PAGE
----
The whole bizarre incident started, as usual, in front of the Caffe Mediterraneum—center of the universe, where a tall man who resembles Jay Leno had attracted a crowd.
Saying, "never trust a man in white shoes," he carried on like a Southern Baptist preacher, a white-suited version of Johnny Cash, as a Berkeley Poet Laureate, Julia Vinograd, later symbolized him for her next poem.
For the past forty years Berkeley has hosted scores of entertaining street performers, such as Moon Man (selling lots on the moon), Polka Dot Man, Ricky Starr, Stoney Burke, Bubble Lady, the Nude Duo, Naked Man, and Hate Man.
Reverend Billy, as he bills himself, is Billy Talen, a "comic preacher," performance artist, and anti-consumerist activist, famous in the big apple, and beyond. He has been a guest of Steven Colbert, and was arrested at Goldman Sachs last year, in an Occupy action organized by Cornell West.
In Berkeley for a conference at the university, Billy wasted no time, Saturday afternoon, mounting an Occupy protest against Bank of America, whom he accused of being one of the worst threats to the world's survival, ecology-wise, and financially-wise.
In less than an hour, he had worked up a group of passersby and a core of supporters recruited through social networking to march on the Bank of America at Telegraph and Durant—a bank so damaged by a quarter century of window-breaking protests, it now resembles a walled fortress against the world.
Less than an hour was needed to mobilize more than thirty-five "congregants" to take aggressive action against the bank, while Occupy Berkeley, reduced to a rabble, continues its Hamlet-quibbles downtown.
With the goal of "invading BA's secret vaults" to see the people's money, and striking a blow "to their genitals, their tender spot" Rev. Billy led his ecstatic congregation, northward—to BA, stopping briefly in front of Pappy's Pub, for more exhorting.
The idea was to be worked, up, as in ecstatic religious fervor. Moans of ecstasy and angst reverberated on Telegraph, a street with a history of both.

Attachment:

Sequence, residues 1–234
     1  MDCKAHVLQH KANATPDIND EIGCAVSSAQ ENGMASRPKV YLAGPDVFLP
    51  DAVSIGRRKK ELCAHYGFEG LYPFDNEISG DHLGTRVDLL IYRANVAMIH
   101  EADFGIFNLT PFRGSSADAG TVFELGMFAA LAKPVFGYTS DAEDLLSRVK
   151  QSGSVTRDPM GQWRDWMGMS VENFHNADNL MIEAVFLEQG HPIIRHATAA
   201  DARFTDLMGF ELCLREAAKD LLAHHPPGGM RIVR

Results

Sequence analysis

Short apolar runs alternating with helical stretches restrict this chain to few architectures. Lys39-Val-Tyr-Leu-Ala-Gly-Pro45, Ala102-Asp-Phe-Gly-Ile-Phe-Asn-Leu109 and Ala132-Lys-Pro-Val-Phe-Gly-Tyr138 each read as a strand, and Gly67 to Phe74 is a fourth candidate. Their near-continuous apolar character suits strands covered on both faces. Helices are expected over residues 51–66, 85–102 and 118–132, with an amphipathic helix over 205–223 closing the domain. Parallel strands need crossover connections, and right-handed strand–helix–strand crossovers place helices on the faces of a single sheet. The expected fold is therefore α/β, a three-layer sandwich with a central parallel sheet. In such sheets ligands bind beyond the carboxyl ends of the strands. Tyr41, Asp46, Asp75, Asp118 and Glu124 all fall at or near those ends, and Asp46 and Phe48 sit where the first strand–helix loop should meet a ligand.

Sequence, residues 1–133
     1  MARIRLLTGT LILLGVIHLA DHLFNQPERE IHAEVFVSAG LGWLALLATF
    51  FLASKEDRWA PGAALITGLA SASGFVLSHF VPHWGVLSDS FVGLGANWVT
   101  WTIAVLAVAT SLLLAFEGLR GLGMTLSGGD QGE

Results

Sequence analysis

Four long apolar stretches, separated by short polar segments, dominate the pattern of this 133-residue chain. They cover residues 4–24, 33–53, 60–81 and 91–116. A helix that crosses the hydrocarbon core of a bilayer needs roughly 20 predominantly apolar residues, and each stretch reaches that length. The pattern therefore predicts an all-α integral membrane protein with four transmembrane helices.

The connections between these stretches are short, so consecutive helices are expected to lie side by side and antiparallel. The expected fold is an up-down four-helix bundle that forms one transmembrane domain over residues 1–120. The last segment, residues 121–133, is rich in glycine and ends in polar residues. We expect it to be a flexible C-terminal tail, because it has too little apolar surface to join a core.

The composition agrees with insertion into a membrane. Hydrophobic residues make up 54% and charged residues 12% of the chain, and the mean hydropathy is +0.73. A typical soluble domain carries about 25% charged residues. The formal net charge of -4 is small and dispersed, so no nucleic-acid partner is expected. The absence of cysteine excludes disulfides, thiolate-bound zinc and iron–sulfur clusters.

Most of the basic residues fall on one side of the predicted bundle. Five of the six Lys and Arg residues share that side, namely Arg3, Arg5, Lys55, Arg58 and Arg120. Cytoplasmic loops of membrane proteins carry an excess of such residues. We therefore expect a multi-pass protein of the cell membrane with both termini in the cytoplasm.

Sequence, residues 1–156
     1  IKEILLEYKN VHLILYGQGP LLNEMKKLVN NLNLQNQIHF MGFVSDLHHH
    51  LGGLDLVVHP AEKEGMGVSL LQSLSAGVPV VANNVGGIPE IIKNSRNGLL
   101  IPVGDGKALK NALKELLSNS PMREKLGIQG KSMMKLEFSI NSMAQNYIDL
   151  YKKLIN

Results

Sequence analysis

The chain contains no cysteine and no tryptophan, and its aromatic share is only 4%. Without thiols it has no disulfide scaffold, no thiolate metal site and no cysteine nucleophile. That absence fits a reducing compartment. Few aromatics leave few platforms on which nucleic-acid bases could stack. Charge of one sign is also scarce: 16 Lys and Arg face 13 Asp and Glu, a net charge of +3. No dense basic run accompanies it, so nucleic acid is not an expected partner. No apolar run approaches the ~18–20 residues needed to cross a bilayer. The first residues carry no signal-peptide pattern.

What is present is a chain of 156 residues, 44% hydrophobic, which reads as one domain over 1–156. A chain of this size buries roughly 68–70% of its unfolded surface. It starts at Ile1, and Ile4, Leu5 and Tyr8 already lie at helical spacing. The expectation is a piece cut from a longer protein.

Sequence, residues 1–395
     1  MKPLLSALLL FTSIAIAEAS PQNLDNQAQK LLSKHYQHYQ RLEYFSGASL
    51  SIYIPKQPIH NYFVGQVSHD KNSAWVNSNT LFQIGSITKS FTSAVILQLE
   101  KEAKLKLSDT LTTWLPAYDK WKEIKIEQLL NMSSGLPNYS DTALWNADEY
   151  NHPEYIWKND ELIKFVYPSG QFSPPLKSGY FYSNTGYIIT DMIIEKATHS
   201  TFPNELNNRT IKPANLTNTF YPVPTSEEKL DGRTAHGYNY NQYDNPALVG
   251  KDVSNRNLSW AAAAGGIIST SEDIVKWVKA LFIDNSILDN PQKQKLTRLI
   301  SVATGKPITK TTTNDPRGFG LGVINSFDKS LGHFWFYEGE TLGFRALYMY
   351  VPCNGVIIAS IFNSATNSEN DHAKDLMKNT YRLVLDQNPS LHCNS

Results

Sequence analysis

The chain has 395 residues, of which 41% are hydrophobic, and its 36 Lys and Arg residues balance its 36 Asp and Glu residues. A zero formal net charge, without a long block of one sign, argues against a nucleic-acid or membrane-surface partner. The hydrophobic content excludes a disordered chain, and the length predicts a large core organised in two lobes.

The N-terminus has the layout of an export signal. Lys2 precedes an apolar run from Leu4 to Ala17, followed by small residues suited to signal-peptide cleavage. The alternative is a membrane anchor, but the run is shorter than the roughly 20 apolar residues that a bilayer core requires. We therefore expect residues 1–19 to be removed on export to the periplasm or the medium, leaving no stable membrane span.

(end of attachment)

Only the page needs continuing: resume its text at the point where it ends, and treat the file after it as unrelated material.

After going to the wrong BA door, thinking the exit, locked from inside, was an entrance—a mistake made even by locals, Billy steered his congregation around the corner to the entranceway leading to the "secret vault."
And, of course, the bank's golden balls.
Billy commanded his followers to enter the bank in groups of no more than four. It was then one hour before BA's weekend closing. Although the first wave of occupiers got inside the bank, the door was soon locked, locking them in.
After getting some pictures I wanted from inside, I and four others, were asked, by the branch manager to exit through the side exit we had thought was a way in. This would have been a great opportunity for sitting-in, while the fevered congregation banged mightily on the bank's glass doorway from outside.
But I took my last photos, and rejoined the group outside. The bank closed, 45 minutes before its usual closing.
Billy, a veteran street performer, went to plan B—assaulting the ATM stations on the Telegraph side of the BA fortress. There were no police anywhere on the avenue.
But the assaults to the ATMs, while gnashing, and forceful, were not destructive.
Crossed forearms, a signal adopted by Occupy to block an idea or proposal, were used to angrily block BA and its policies. But the secret vaults, and, of course, the gold balls, were unscathed—although they took a pretty-good metaphorical beating.
It was then back to the Med, and Billy was hungry.
Seated with his fans, and dining on a big salad, a burrito—cappuccino in hand—Billy told the wondrous story of his mid-life transformation from play-producer at Fort Mason in the eighties to street performer on Times Square, performing as Rev. Billy across the street from the Disney store, and a block and a half from the New York Times.
At first New Yorkers "thought I was really a preacher, and wanted to know my denomination ("Church of Stop Shopping," if you want to know)," Billy said. He had fielded just such questions on Telegraph.
He told us that he owes his success to a now ninety-year old man, related to
Tennessee Williams on the Lanier side of the family. "I talk to Sydney everyday," Billy said. It was Sydney, who goaded Billy to give up his job, wife, and SF ways for the big apple.
Billy soon made the leap from street performing a block and a half from the New York Times, to the front page of its Sunday Magazine. His audience world-wide is in the millions.
Quite a success story in big-apple-town, which may have more street-talkers than Berkeley. His seat-of-the-pants protests ain't too shabby, either.
Ted Friedman reports for the Planet from South side, stories center of the universe.